Jagan made the statement a day after the Legislative Council, where the TDP has a majority, blocked the state government's proposal to decentralise the capital.

Not mandatory to have Legislative Council Andhra CM Jagan amid Amaravati row
news Politics Friday, January 24, 2020 - 08:41
Written by  PTI

 A day after the Andhra Pradesh Legislative Council referred to a select committee two Bills for creating three state capitals, Chief Minister Y.S Jagan Mohan Reddy on Thursday dropped clear hints that the Upper House of the state legislature could be abolished.

"Pained" over Wednesday's developments in the Council, he told the State Assembly that there is a need to decide whether to continue such a House by spending huge public money.

"We need to seriously think whether we need to have such a House which appears to be functioning with only political motives. It is not mandatory to have the Council, which is our own creation, and it is only for our convenience. So let us discuss the issue further on Monday and take a decision on whether or not to continue the Council," the Chief Minister told the Assembly on Thursday evening.

The Chief Minister was winding up an impromptu debate in the Assembly on what happened in the Council on Wednesday, where the Chairman exercised his "discretionary power" under Rule 154 and referred the AP Decentralisation and Inclusive Development of All Regions Bill, 2020 and the APCRDA (Repeal) Bill to a select committee for deeper examination.

With the principal opposition Telugu Desam Party (TDP) members staying away from the Assembly proceedings, the ruling YSRCP MLAs came down heavily on Council Chairman M A Sharrif and Leader of the Opposition in the Council Yanamala Ramakrishnudu over the manner in which the proceedings were conducted and the two vital bills referred to a select committee, allegedly in transgression of rules.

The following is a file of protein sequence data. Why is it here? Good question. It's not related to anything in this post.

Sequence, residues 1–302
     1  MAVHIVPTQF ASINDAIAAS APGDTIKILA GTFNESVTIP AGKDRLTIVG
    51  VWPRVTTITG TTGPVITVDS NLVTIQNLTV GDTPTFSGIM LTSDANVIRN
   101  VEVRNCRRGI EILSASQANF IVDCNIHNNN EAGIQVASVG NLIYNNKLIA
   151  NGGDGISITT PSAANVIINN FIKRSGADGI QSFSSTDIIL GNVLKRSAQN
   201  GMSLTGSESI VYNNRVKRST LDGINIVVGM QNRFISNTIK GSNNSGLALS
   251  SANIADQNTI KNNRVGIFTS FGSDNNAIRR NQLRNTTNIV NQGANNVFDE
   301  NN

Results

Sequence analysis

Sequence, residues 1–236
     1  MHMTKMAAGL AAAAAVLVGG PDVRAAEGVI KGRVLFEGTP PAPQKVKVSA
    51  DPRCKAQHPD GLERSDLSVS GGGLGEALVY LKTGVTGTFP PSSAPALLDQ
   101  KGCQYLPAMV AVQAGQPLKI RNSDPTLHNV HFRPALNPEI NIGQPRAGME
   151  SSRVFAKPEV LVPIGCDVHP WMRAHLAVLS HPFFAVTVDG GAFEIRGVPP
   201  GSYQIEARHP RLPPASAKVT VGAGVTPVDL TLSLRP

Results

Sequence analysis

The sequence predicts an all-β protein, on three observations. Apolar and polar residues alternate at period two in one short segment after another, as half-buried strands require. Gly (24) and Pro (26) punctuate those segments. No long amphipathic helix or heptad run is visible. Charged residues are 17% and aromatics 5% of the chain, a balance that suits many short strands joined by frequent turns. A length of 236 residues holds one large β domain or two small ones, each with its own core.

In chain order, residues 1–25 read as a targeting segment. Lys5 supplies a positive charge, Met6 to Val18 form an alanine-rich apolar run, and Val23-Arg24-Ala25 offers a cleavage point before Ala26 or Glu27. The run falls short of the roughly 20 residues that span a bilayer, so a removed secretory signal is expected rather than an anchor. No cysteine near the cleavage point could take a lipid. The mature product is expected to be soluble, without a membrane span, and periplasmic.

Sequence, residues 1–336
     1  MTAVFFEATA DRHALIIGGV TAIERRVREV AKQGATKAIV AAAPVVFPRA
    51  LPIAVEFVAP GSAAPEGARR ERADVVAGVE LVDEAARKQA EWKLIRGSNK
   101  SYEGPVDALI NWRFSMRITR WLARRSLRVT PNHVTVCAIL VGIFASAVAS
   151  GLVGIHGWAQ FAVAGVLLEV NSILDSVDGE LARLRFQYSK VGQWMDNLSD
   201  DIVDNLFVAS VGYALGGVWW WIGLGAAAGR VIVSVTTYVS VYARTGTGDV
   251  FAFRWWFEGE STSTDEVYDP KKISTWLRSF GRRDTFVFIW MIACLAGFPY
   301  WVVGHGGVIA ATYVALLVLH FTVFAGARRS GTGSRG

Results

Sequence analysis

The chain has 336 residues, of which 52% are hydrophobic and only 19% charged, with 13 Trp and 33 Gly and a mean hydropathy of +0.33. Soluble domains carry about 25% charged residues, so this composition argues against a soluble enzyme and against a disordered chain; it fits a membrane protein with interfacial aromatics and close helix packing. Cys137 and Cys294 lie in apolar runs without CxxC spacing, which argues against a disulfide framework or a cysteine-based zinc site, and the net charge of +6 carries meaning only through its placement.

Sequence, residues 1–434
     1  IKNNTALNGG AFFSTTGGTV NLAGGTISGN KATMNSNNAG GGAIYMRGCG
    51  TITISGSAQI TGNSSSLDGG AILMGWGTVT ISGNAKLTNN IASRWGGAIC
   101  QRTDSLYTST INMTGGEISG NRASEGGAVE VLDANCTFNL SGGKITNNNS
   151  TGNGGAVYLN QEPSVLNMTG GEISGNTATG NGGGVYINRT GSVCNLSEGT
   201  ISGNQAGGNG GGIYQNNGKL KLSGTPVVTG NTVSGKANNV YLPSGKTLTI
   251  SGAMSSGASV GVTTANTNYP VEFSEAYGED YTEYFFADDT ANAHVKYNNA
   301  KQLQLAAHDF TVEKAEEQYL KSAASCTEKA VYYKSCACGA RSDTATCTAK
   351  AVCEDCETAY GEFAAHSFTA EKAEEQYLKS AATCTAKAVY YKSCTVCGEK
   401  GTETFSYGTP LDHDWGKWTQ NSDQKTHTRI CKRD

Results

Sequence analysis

"The Chairman's decision was against the rule book and the procedure he adopted was very unfortunate," the Chief Minister pointed out.

He maintained that the Council, as the House of Elders, was there "only to give suggestions" to the government.

"What will be the meaning of governance if the House of Elders does not allow good decisions to be taken in the interest of people and block enactment of laws? We need to seriously think about it...whether we should have such a House or do away with it," Jagan added.

He said a sum of Rs 60 crore was being spent on the Council per annum. Of the 28 states in the country, only six had functioning Legislative Councils, he noted.

Earlier in the day, Jagan held elaborate discussions with his Cabinet ministers and senior MLAs on the Council issue, in the wake of Wednesday's developments and the past experiences where two other Bills were returned, without approval, to the Assembly suggesting certain opposition-sponsored amendments.

The Chief Minister also reportedly discussed the issue with former Attorney General Mukul Rohatgi, who has been appointed by the government to fight its case in the High Court on a batch of petitions, challenging the decision to have three capitals.

The Assembly, which was originally supposed to conclude its extended winter session on Wednesday, has now been extended indefinitely in view of the ongoing stalemate and the governments latest thinking on the Legislative Council.

The Assembly will resume its sitting on Monday.

Though there is no official word on it yet, the Council is also expected to be reconvened from Monday as it was adjourned sine die on Wednesday.


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